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    Wow, I guess a lot of babies pop out in London. When we registered our daughter's birth at the US Embassy in another country, we sat in a tiny waiting room along with everyone else, no kids stuff, just benches and a water cooler. – user13044 Mar 20 '15 at 13:32
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    Yep, no other babies that day, just a teenager having his birth registered. – user13044 Mar 20 '15 at 13:46
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    @Tom, you will need to renew her passport when she's five. If you are still abroad, your child will get interviewed. Mostly about the pictures plus maybe a wild card like "Where's Mommy?" They showed one of mine a photo of his grandmother and he professed not to know who it was. VERY TENSE MOMENT – Gayot Fow Mar 20 '15 at 14:49
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    @emory, put it in an answer. People may not read all the comments – Gayot Fow Mar 20 '15 at 15:18
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    Wanting to see the inside of the US embassy in London is definitely an excellent reason to have a child. – phoog Mar 20 '15 at 18:10
10

US embassies are probably among the most difficult to access but since your question suggests you might be interested in other embassies too, note that there are many options to visit one.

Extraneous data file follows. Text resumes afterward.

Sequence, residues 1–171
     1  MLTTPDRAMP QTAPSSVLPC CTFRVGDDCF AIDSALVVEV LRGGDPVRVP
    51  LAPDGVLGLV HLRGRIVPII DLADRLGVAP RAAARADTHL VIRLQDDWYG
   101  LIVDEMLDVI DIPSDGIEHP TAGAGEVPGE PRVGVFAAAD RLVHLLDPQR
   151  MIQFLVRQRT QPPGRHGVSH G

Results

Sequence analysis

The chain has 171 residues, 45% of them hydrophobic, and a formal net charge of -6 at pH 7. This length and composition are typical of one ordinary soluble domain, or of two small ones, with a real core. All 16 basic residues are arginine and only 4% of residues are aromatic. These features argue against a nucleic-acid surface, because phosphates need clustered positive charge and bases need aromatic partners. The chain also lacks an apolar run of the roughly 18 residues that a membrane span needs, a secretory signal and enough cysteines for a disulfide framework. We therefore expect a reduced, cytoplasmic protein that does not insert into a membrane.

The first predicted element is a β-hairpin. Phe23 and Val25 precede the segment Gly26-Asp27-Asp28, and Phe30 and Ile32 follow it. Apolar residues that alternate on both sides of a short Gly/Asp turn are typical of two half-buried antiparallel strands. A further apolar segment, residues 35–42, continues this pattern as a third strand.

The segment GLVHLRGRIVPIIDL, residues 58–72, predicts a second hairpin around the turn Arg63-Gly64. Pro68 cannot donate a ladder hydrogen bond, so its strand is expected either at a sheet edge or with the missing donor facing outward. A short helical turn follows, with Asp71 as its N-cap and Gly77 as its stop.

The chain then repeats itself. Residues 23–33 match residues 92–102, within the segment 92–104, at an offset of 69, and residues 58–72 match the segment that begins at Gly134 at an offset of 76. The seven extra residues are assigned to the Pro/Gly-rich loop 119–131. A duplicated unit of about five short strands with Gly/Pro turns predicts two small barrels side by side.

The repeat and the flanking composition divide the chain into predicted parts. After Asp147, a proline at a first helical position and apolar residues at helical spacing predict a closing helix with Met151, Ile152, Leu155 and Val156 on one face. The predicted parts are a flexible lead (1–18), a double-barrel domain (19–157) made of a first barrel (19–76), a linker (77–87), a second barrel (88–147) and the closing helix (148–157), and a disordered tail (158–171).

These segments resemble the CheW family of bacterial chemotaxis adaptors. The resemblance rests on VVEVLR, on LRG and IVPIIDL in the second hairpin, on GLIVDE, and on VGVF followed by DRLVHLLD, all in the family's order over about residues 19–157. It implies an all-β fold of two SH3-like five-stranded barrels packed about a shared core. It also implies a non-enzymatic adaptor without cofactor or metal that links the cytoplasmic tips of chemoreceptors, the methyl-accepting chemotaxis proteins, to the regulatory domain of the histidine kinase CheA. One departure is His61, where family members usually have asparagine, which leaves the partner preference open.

For example, in London, some embassies participate in the annual “Open House” event (e.g. Czech Republic, Belgium), host occasional cultural events (North Korea!) or have a public library on their premises.

In Washington, EU embassies even host their own “open house” event and you can visit the EU delegation and many EU countries' embassies on the same day (since embassies are generally pretty boring, they also organize a lunch, activities for kids, etc. at this occasion).

Other embassies located in especially significant buildings organize regular tours for tourists, e.g. the Palazzo Farnese in Rome (embassy of France) or the Hôtel de Beauharnais in Paris (official residence of the ambassador of Germany).